Don’t get me started on closers…

This started as a rant on how the closer is possibly the most
overvalued position in baseball. The definition of a save and the way
in which current closers are used has become a joke. They are often
saved for only specific situations when the game is not in doubt and
they merely finish off what the starter and middle relievers have
started. The idea that closers can be judged and ranked according to
their ability to accumulate saves is false.

Last year, Frankie Rodriguez racked up a single-season record 62
saves. He was widely considered the best closer in baseball and many
felt it wasn’t close. However, when you compare his stats to those of
fellow AL All-Star closer Joakim Soria of the Kansas City Royals you’ll
find something different. It’s clear that saves are not an accurate
measure of closer effectiveness, but more a measure of his team’s
ability to be leading going into the late innings and his ability to
keep from screwing it up.

The Angels played in a horrible division and won more games than
anyone, while the Royals finished 4th in the AL Central, thus K-Rod had
many more chances to rack up saves. Let’s look at the stats, give me a
minute…


W

L

ERA

G

S

OPPS

IP

H

R

ER

BB

K

K-Rod

2

3

2.24

76

62

69

68.1

54

21

17

34

77

Soria

2

3

1.60

63

42

45

67.1

39

13

12

19

66

Soria had a better ERA by .64 and only one less inning despite 13
fewer games, meaning he pitched longer per game and therefore provided
more value per appearance.

K-ROD AVERAGED 2.70 OUTS PER APPEARANCE. LESS THAN ONE INNING EACH
TIME HE CAME INTO A GAME. Soria averaged 3.2 outs per appearance, not
Gossagian, but substantial over a full season, particularly when
factoring in the other KC relievers who were largely horrible. Every
extra out Soria could get was HUGE in the scope of their overall
record.

Soria also blew only 3 of 45 save chances (OPPS) for a 6.23 BS% (blown saves/save chances) while K-Rod blew 7 of 69 chances for a 10.14 BS%. K-Rod blew 1 of 10 while the Mexecutioner blew only 1 of 15 chances.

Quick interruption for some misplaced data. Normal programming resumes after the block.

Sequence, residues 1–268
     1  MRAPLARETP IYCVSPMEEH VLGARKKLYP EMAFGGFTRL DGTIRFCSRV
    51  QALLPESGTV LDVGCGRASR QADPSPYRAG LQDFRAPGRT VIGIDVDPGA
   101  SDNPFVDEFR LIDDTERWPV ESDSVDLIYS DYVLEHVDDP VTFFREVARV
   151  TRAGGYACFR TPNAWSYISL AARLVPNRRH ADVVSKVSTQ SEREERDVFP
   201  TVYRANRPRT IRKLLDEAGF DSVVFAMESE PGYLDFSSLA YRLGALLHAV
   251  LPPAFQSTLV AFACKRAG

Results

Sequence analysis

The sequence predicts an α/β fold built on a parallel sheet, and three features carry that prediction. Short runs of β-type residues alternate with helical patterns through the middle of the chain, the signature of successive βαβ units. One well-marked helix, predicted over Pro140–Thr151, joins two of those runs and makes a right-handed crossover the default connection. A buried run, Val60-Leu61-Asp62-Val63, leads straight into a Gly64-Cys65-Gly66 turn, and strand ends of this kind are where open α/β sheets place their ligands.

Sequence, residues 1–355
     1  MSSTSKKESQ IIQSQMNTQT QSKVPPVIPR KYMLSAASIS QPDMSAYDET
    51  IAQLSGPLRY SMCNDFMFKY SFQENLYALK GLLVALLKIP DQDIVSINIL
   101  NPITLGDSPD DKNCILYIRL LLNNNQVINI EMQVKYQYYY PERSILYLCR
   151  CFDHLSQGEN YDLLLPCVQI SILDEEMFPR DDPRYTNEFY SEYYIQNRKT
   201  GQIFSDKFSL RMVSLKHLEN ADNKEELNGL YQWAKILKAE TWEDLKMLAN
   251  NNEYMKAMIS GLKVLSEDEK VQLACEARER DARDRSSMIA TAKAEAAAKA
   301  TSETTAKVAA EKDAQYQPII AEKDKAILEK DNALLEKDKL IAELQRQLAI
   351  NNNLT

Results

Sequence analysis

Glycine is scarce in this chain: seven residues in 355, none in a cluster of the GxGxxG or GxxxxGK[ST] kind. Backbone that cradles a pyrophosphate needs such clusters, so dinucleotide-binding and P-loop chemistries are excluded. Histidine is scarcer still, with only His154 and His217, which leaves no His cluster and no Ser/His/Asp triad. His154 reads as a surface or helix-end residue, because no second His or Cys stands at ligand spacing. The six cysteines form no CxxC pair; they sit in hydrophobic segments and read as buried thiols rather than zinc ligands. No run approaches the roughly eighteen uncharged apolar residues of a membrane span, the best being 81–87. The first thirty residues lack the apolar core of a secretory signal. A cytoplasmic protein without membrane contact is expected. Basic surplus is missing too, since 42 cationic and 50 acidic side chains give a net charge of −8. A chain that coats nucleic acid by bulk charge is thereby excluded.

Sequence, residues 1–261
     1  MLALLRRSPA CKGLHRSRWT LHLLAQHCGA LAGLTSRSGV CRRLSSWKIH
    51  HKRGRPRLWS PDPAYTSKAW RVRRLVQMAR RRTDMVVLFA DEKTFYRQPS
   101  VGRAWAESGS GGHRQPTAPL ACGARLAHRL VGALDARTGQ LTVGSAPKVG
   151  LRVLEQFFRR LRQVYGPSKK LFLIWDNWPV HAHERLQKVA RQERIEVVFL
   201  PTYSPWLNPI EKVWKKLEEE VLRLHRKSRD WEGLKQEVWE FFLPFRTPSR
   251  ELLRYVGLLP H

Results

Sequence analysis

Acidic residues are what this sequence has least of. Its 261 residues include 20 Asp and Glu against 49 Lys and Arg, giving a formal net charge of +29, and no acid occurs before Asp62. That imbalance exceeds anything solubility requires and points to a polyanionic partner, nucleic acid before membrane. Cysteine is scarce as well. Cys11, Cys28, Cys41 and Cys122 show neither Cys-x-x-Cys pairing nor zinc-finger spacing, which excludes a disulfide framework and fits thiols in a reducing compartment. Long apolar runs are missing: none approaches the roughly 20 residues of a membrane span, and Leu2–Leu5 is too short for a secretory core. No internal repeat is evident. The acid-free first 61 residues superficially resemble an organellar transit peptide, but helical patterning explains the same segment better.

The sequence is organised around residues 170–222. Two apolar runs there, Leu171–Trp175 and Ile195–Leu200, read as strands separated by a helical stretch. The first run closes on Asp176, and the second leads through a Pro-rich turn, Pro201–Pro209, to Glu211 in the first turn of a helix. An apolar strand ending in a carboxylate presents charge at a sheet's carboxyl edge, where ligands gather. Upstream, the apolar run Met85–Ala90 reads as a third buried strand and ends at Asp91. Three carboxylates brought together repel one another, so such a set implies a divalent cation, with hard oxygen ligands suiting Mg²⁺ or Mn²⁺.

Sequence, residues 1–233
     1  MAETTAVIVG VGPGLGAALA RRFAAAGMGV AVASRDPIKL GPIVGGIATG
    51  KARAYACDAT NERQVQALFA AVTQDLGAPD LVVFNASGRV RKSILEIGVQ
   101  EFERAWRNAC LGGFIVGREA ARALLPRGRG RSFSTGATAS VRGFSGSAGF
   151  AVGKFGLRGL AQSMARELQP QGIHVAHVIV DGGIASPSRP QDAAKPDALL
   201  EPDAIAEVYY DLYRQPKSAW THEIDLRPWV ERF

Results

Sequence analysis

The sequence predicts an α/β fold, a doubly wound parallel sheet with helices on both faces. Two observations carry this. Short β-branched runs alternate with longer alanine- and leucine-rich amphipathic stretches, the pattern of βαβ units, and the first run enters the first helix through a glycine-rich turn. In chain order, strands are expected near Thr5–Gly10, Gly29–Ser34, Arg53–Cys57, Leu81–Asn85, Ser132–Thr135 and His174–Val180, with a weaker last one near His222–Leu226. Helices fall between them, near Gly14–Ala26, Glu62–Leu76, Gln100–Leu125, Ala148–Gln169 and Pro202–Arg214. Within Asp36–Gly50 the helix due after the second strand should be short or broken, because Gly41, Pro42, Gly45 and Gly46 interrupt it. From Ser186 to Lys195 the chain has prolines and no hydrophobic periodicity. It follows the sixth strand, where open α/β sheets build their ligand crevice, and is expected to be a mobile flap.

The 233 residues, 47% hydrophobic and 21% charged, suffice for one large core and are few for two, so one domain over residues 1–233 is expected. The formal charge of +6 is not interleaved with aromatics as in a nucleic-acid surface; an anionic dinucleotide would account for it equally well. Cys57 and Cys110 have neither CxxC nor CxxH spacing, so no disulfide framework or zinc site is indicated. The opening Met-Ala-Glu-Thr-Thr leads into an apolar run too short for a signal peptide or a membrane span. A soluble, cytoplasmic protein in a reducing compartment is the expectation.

Look at hits, and remember K-Rod managed only three more outs than Soria over the year.

K-Rod: 54 in 68.1 IP or 7.11 H/9 IP

Soria: 39 in 67.1 IP or 5.21 H/9 IP

The near-equality of innings means you can throw out any debate over sample sizes. The samples are the same!

BB

K-Rod: 4.48/9 IP

Soria: 2.54/9 IP

Since Soria was better in both H/IP and BB/IP this one’s obvious, but for the record:

WHIP

K-Rod: 1.29, very very tough

Soria: .86, Mexican tough

Batting Average Against

K-Rod: .216

Soria: .169

Slugging Percentage Against

K-Rod: .316

Soria: .255

K-Rod does get one category…

K-Rod: 10.14 K/9 IP

Soria: 8.82 K/ 9 IP

but remember all those walks?

K-Rod: 2.26 K/BB

Soria: 3.47 K/BB

Soria wins all but two major statistical categories, arguably the
two least important. Save is an arbitrary definition of holding a lead
after a certain point in a game, and strikeouts, though important,
aren’t as important as simply recording outs. Hitters were more
successful and had a higher percentage of extra base hits off of K-Rod
than they did off of Soria. The sample sizes are nearly identical, and
they both play in the American League with the DH and similar
opponents.

There is overwhelming statistical evidence that Soria was the more
effective reliever last year. Fewer hiters reached base either by hit
or walk, fewer hitters got extra base hits, fewer runners scored, his
ratio of K/BB was higher, he blew a lower percentage of save chances,
and he recorded more outs per appearance. We have every reason to
believe that had K-Rod and Soria switched places, Soria would be the
saves record holder. The only difference is that the record would
likely be 65 rather than 62.

I knew K-Rod (and his save record and saves in general and closers
overall) were overrated, but I can’t believe the total statistical
dominance of Soria over him. If saves can’t even tell us who’s the more
effective closer within one season, how can they possibly be used as an
indicator of reliever performance between decades or for Hall of Fame
conisderation?